Fire crews are preparing for the worst as the region faces more than five straight days of high temperatures and elevated fire risk.
The Rural Fire Service began preparations on Monday, knowing that the hot weather was coming.
NSW RFS Region West manager Paul Smith said all districts and brigades have been contacted to ensure staff levels are high, and some members were rested during the week to ensure they would be ready to go for the weekend.
The RFS has also been in touch with other agencies to ensure they are available for assistance and has moved to ensure heavy plant equipment is available if required.
Mr Smith said the fire conditions weren’t at their worst because of rain at the end of last year but the extreme heat made it dangerous.
“We aren’t taking any chances and have done a lot of preparation to ensure we have volunteers ready on the ground and the support is there if required,” Mr Smith said.
“We’ve contacted the districts and put them on standby and we stood down some of our staff during the week to have them prepared.
“It’s fortunate that they aren’t forecasting strong winds during those hot days, that reduces the fire risk a bit.”
A total fire ban was in place for the Central Ranges while the Southern Slopes were rated a very high danger and the Upper and Lower Central Plains a low-moderate risk.
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Some parts of Western Zone are expected to hit 40 degrees for as many as five days in a row, with only a slight drop in temperature at the end of next week.
“With this run of hot weather, it will dry things out even more, I expect more total fire bans in the coming days but even more in the next few weeks if we don’t get more rain,” Mr Smith said.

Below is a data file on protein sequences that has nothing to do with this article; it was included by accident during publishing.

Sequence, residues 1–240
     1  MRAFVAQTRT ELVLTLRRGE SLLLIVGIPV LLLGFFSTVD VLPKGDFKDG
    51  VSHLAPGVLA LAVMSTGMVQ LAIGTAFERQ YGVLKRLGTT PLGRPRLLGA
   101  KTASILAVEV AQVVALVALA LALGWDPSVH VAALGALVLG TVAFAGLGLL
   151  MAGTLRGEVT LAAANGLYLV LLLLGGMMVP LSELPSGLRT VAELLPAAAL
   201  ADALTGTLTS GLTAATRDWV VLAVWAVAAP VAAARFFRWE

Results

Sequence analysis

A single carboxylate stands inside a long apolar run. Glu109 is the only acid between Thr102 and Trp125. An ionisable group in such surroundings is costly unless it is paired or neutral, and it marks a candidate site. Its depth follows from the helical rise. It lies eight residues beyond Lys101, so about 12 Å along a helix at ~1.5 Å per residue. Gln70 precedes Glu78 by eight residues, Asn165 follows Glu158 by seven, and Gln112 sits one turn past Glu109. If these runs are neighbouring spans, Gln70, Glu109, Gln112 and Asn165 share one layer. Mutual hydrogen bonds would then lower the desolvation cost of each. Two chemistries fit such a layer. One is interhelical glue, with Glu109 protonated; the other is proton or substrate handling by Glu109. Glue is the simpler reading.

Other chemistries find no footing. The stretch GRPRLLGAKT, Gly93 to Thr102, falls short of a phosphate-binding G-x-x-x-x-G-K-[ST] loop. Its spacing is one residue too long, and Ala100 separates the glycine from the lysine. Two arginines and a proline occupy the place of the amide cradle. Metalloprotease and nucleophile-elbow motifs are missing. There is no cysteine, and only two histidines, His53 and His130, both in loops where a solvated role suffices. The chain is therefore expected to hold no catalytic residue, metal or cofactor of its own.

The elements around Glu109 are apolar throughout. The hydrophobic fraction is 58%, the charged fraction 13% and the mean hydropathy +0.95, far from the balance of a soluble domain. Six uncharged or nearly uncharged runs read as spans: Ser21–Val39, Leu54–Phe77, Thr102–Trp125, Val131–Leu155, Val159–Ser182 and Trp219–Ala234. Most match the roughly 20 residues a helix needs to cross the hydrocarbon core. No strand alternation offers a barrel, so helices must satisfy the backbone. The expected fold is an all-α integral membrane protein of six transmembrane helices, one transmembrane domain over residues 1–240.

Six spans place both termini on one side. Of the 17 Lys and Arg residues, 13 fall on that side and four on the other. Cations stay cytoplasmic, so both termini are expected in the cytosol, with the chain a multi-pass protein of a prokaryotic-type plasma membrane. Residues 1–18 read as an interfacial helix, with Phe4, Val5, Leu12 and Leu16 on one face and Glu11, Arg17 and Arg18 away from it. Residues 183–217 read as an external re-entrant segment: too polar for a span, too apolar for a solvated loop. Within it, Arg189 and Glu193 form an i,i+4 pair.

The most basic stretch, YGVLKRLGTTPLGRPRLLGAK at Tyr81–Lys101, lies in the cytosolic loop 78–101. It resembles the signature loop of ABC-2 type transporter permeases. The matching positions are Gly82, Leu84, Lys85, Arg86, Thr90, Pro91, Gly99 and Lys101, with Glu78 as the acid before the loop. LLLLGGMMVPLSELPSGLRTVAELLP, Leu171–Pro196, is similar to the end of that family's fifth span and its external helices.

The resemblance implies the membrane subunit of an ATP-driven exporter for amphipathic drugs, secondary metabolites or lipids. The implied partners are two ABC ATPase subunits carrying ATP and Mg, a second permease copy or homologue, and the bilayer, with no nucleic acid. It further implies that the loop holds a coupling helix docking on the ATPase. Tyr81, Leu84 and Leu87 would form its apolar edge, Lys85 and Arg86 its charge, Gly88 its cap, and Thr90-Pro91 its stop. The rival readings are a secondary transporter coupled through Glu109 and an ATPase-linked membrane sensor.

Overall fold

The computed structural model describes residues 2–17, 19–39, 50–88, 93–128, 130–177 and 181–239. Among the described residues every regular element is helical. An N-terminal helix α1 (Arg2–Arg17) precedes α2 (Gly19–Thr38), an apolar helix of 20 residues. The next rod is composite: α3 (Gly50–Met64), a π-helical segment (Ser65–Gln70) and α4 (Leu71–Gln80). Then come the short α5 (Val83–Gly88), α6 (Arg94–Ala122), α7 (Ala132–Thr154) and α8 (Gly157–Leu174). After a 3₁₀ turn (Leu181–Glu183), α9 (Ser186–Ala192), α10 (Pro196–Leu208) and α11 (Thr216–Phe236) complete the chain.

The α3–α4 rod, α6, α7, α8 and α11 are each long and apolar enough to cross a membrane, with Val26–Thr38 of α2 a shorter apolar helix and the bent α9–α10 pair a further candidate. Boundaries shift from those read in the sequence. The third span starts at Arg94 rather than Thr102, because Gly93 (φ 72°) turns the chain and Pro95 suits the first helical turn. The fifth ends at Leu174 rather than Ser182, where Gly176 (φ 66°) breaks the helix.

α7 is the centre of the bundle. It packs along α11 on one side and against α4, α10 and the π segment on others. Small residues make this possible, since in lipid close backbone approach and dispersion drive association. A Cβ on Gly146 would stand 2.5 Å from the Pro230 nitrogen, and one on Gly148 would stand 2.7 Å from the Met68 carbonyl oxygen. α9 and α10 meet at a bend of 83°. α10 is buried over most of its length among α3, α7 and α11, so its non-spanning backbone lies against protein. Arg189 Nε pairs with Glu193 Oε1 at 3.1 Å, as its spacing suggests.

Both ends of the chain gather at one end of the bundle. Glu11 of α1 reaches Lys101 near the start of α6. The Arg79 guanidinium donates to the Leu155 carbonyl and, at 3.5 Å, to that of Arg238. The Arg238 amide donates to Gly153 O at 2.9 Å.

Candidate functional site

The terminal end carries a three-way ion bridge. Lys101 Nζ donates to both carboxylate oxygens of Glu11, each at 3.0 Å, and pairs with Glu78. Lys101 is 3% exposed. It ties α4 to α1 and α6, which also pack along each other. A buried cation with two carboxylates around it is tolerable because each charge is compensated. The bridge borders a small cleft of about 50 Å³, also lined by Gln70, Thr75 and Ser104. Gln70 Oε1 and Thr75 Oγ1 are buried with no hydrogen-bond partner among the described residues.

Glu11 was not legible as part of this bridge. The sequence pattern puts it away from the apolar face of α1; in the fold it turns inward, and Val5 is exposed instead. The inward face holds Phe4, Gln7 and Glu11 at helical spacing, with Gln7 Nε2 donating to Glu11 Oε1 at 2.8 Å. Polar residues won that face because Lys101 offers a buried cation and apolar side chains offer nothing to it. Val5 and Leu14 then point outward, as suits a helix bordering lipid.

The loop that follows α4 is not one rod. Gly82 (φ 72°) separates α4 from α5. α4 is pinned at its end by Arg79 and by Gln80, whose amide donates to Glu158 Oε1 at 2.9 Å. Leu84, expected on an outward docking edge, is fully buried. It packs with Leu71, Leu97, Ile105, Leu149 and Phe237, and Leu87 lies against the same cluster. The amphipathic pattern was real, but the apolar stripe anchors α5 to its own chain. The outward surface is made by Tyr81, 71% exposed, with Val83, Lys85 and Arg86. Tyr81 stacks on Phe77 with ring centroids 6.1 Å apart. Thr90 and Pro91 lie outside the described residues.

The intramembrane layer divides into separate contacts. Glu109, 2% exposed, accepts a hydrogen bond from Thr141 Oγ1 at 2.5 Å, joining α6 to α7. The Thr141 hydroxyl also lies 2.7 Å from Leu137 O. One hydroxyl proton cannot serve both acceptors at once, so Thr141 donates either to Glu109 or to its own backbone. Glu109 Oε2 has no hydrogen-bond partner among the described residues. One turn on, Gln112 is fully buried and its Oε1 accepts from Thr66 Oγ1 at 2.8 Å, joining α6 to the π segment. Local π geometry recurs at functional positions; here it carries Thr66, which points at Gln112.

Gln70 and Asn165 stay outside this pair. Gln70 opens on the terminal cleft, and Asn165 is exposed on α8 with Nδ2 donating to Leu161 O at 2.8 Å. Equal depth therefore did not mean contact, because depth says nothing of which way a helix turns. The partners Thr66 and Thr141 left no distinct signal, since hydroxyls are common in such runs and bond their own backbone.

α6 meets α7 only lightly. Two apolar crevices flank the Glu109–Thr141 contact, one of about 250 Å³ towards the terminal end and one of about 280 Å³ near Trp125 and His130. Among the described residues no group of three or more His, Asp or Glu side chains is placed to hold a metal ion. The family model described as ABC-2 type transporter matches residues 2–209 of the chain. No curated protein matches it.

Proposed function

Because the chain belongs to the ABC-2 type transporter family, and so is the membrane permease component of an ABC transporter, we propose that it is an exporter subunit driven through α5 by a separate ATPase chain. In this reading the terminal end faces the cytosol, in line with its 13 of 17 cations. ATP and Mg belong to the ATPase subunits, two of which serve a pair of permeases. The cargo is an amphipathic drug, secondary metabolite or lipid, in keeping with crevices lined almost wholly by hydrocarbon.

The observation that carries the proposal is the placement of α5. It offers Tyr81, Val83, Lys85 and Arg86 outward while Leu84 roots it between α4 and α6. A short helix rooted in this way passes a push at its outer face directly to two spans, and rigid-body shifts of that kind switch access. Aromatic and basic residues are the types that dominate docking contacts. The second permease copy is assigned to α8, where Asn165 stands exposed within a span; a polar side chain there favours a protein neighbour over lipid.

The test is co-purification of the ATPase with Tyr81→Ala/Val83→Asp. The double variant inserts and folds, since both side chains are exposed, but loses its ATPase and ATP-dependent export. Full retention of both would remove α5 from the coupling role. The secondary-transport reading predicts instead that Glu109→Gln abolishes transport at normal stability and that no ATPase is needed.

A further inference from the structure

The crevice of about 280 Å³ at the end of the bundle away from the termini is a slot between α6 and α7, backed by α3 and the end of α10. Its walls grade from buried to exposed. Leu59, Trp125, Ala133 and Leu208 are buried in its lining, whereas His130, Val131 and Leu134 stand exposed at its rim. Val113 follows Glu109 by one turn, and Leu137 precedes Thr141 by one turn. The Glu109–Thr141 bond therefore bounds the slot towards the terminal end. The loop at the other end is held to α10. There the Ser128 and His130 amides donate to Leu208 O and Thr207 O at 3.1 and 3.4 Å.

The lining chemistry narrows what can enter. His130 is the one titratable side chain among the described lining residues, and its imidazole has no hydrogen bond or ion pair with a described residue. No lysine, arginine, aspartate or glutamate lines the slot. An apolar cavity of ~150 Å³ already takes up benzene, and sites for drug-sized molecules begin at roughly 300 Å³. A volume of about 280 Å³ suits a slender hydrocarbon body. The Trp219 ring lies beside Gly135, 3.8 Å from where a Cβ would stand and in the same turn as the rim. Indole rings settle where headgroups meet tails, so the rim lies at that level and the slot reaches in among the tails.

And the fire conditions are even higher in the Hunter and Sydney regions so Western Zone has also got a plan if volunteers are needed to assist with any fires there.
“The Central Coast, Newcastle and the Sydney basin are more susceptible than us so we are ready if needed,” Mr Smith said.
“The Large Air Tankers and Very Large Air Tankers are positioned close to Sydney but they are less than an hour away from our region if required so we are ready. We have also located aircraft in our region that can assist and we have a number available to us.”
Mr Smith said vigilance from the public also played an important role in avoiding unnecessary fires and reporting any that broke out.
“We would ask people to avoid any activities such as slashing, grinding or lighting any fires and also be alert, if you see a fire call triple-zero,” Mr Smith said.
Police have also advised people not to leave children, the elderly, the disabled or pets inside vehicles because of the risk of dehydration and even death.
They are also encouraging tourists, campers, and other holidaymakers who are in unfamiliar environments to take extra care, especially when swimming.